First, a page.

This article originally appeared in the Vancouver Sun.
By Richard Shimooka, April 20, 2022
On the eve of the federal budget a few weeks ago, federal NDP leader Jagmeet Singh said he believed that NATO’s member state defence spending benchmark of two per cent of GDP was an arbitrary figure that should not be adhered to. Although it is a rough number, it is a helpful metric. The reasons why require a bit of unpacking.
Canada currently spends around 1.36 per cent of its GDP on defence. The defence budget can be separated into three parts. The first is personnel: salaries paid to soldiers and civilian employees of the Department of National Defence. This is the most static part of the budget, and the size of the defence workforce tends to increase slowly.
The second segment of the budget is capital purchases: that is, the procurement of anything, from billion-dollar ships to thousand-dollar rifles.
What it does not include are “consumables,” which include fuel, spare parts and ammunition. These items form the third part of the budget: operations and maintenance. This part of Canada’s budget is relatively high compared to most NATO allies: Ottawa tends to commit our military more regularly than do other countries, and does more training. This is a double-edged sword because a more active and well-trained military will be more effective, but its equipment will require replacement earlier.
Military platforms have a service life lasting roughly 30 years for planes and ships, and 20 for armoured vehicles. Then they reach “rust out” — when they require urgent replacement. Using a platform after rust out means fielding often obsolete assets, like Canada’s 40-year-old CF-18 fighter jets. While not necessarily unsafe to operate, they require more maintenance to keep them going, resulting in much higher operating costs and less availability. Only 55 per cent of our CF-18s are “serviceable” — shorthand for being able to fly.
A rough rule of thumb for defence budgets is that capital purchases should be about 30 per cent of the budget. This ensures that equipment is replaced before reaching rust out. States with mature military-governance systems — like the United States, France and the United Kingdom — tend to meet that threshold. Canada’s capital purchases budget, for much of the 2010s, has only been around 10 per cent of defence spending, and only reached 14 per cent last year.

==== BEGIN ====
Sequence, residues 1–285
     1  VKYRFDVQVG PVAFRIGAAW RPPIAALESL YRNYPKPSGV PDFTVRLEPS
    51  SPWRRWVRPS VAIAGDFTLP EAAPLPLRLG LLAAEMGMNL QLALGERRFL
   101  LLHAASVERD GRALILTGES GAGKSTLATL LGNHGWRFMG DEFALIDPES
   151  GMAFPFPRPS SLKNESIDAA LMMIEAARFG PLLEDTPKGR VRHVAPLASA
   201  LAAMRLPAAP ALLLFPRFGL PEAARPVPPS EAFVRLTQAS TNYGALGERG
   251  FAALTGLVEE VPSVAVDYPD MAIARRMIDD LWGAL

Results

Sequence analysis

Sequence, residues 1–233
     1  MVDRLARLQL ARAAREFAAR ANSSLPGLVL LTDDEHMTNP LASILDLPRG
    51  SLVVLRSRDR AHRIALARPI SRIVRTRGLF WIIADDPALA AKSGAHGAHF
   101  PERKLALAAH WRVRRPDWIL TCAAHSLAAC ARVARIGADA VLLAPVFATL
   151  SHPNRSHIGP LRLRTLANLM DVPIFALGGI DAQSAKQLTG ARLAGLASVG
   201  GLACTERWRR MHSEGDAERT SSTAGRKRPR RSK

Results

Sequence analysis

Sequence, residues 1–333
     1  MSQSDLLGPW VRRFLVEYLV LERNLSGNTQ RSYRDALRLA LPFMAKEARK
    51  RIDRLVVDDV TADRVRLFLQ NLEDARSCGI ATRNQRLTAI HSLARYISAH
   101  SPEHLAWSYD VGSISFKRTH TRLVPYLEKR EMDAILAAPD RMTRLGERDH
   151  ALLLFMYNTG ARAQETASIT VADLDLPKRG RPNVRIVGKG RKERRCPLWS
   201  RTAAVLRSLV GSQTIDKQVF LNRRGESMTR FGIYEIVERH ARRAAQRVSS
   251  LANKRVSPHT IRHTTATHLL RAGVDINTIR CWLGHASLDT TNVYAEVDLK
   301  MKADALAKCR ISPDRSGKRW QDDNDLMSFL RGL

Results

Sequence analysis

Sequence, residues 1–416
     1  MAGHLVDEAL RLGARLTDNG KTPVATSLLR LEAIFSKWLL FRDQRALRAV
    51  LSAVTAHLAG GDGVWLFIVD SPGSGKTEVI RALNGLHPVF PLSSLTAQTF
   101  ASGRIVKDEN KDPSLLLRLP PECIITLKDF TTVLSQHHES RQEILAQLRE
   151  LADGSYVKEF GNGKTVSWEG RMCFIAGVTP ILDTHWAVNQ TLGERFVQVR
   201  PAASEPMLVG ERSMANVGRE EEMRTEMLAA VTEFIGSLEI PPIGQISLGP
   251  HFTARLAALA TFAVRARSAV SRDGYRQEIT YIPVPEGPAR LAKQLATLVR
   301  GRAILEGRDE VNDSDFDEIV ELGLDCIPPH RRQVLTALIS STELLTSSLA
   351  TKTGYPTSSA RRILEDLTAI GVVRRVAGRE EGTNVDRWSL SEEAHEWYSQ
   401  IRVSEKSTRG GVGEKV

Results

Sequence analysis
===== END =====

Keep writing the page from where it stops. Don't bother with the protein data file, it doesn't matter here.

In 2017, the government promulgated the defence white paper — “Strong, Secure and Engaged” — which promised to ensure modernization of the armed forces’ equipment. However, a significant portion of the defence department’s allocated budget was not spent — nearly $10 billion, according to the Parliamentary Budget Office.
Chronic underfunding of capital purchases creates a “bow wave.” This is when deferred purchases start building up, which increases operational costs and eats away at the procurement budget. This bow wave has built up in Canada, and our present situation is reminiscent of the 2000s. Then, it was resolved through a number of major acquisitions during the 2000s and early 2010s — the most prominent being transport aircraft and armoured vehicles tied to operations in Afghanistan. But a number were removed without replacement.
Canada now has major gaps in some of its most essential defence capabilities. It has no air defence or modern artillery to enable operations in a conflict anywhere approaching the intensity of what we are witnessing in Ukraine today. This does not even take into account essential new technologies the armed forces require to work with our allies, such as in battlefield networking or unmanned combat vehicles.
The recent federal budget provides little relief. While it aims to increase defence spending to 1.5 per cent of GDP in five years, the added spending only addresses one area — NORAD renewal for Arctic security. The bow wave remains a serious issue.
The irony of Mr. Singh’s comments is that he stated that he wanted to make sure workers have “the right conditions to do their work” and noted “armed forces are asked to do tasks and work that they don’t have the equipment for.” Two per cent in this context is not close enough, given the bow wave of deferred procurements that has accrued in front of the Canadian Forces.
Naïveté surrounding how much it costs to field an effective military presents a threat to our troops, to our preparedness as a country, and to Canada’s strategic objectives. Canadian Armed Forces personnel are forced use outdated and inappropriate equipment. It’s a shameful situation that should be addressed.
Richard Shimooka is a senior fellow at the Macdonald-Laurier Institute.